•  
  •  
Like WLB read the book and if the movie is half as good as the book, then surely a candidate for best movie of the year
Joe Somebody 2009/05/13 12:46 PM
Yeah! They are remaking Wuthering Heights? I can't wait!
fraud 2009/05/13 1:43 PM
After the Da Vinci Code, i'm not a Dan Brown fan. But I did read the book (Angels and Demons). Absolutely brilliant! Can't wait for the movie!
Gerard 2009/05/13 2:15 PM
I agree with Mini even though I have not yet seen the movie that Tom Hanks should have been replaced. Maybe... with someone like Harrison Ford?
patzululand 2009/05/13 2:26 PM
the book was brilliant, waiting with bated breath for the movie. but i agree with the comment above, tom hanks IS a brill actor but not right for this part.
nic 2009/05/13 2:42 PM
Da Vinci code was a turkey? please dont measure films by the number of car chases. The ideas put forth in that movie had to come across at a certain pace... not everything has to be done at cartoon speed. I read the book and then watched the movie, thought Ron Howard did a good job. As did people who had never read the book, well except for those that think it would be better if steven Segal played the Langdon character.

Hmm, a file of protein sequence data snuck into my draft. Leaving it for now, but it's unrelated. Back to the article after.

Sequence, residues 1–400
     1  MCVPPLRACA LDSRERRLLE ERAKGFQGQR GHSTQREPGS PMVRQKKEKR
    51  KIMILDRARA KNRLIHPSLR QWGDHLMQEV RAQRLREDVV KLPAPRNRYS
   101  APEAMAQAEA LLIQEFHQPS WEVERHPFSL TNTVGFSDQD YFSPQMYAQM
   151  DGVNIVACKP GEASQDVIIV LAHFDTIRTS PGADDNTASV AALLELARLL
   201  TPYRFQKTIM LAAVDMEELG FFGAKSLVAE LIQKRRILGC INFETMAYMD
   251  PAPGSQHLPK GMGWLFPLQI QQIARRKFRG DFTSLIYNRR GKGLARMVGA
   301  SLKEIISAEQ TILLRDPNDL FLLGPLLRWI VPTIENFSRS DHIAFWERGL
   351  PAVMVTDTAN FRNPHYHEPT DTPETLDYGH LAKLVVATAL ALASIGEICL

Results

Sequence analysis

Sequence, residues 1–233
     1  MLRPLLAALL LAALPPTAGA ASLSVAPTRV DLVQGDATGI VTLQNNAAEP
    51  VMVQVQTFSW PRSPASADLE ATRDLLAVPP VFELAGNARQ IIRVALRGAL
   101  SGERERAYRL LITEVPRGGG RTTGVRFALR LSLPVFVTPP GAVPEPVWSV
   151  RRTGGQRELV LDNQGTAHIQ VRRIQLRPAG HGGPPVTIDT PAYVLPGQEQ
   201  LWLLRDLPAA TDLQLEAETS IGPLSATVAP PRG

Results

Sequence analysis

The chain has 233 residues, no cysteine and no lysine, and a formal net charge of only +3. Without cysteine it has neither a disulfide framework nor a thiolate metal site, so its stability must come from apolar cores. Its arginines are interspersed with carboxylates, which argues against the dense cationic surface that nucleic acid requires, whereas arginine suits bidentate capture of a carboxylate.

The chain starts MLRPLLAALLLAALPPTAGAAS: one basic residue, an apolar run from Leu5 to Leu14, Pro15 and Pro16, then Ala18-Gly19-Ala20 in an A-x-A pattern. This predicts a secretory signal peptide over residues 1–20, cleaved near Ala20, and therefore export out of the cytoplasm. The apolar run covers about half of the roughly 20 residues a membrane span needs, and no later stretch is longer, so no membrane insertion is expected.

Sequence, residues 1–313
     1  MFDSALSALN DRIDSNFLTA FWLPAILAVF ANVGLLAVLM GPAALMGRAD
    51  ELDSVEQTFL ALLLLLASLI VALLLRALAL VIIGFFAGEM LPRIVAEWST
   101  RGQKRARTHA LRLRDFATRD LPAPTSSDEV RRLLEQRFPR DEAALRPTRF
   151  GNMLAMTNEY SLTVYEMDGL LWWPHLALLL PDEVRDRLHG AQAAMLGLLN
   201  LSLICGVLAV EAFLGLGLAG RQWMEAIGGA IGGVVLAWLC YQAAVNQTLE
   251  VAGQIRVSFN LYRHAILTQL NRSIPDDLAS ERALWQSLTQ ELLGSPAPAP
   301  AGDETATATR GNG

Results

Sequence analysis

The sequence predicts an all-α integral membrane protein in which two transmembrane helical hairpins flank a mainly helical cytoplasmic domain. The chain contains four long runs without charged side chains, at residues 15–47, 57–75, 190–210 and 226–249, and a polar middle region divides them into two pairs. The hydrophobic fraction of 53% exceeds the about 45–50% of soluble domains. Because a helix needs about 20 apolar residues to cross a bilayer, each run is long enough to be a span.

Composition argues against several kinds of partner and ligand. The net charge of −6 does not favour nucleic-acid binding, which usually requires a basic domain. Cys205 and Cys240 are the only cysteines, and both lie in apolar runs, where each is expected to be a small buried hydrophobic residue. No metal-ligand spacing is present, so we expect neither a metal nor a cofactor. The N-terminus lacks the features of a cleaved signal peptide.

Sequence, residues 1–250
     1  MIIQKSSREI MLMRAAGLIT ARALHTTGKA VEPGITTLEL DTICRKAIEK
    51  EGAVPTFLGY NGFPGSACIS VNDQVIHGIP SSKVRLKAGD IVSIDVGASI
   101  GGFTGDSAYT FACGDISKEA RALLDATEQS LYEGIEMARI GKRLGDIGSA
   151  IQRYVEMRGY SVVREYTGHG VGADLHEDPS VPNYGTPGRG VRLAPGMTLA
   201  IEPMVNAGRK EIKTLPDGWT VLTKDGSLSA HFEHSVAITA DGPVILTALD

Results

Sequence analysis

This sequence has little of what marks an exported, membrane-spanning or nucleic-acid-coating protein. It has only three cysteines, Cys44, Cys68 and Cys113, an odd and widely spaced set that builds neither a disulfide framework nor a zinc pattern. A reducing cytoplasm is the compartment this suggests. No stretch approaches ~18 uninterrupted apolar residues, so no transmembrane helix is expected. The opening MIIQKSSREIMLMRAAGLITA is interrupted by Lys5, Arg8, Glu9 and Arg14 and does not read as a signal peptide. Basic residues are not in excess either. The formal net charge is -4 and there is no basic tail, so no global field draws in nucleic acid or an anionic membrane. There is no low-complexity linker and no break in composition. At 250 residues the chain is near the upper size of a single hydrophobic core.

Gail 2009/05/14 8:46 AM
Dear CTheB Why read the reviews if you're not interested? Don't watch, don't read, whatever, spare us your diatribe of uninformed lack of wisdom..
HPF 2009/05/15 8:52 AM
Gail, spot on! Why anyone would show his ignorance by making irrelevant, uninformed comments really beats me. Dan Brown has been brilliant in all his books and I am looking forward to see this movie.
2me 2009/05/19 9:01 AM
  • Rating:
  •  
  •  
  •  
  •  
  •  
  •  
The movie sucks, it's as if the man can't read, and just pulls things out of his head. He ruined a perfectly good book
Kim 2009/05/19 10:23 AM
  • Rating:
  •  
  •  
  •  
  •  
  •  
  •  
Great movie - better than De Vinci Code - moved at a better pace - crap ending though
Dari 2009/05/19 11:33 AM
  • Rating:
  •  
  •  
  •  
  •  
  •  
  •  
I had to laugh at the journalist calling the Illuminati were a "religious cult"! They were men of science, artists etc. who if anything fought against religion, but yeah, details, details.... Entertaining movie, not as much as the book though.
CYA 2009/06/17 2:21 PM
  • Rating:
  •  
  •  
  •  
  •  
  •  
  •  
THE BOOK IS VERY NICE AND ENJOYABLE HWEN IS MOVIE COMING OUT,HOPE IT BE AS GOOD AS THE BOOK GOOD GUYS KEEP IT UP.
NEXT ON CHANNELX
There are new stories on the homepage. Click here to see them.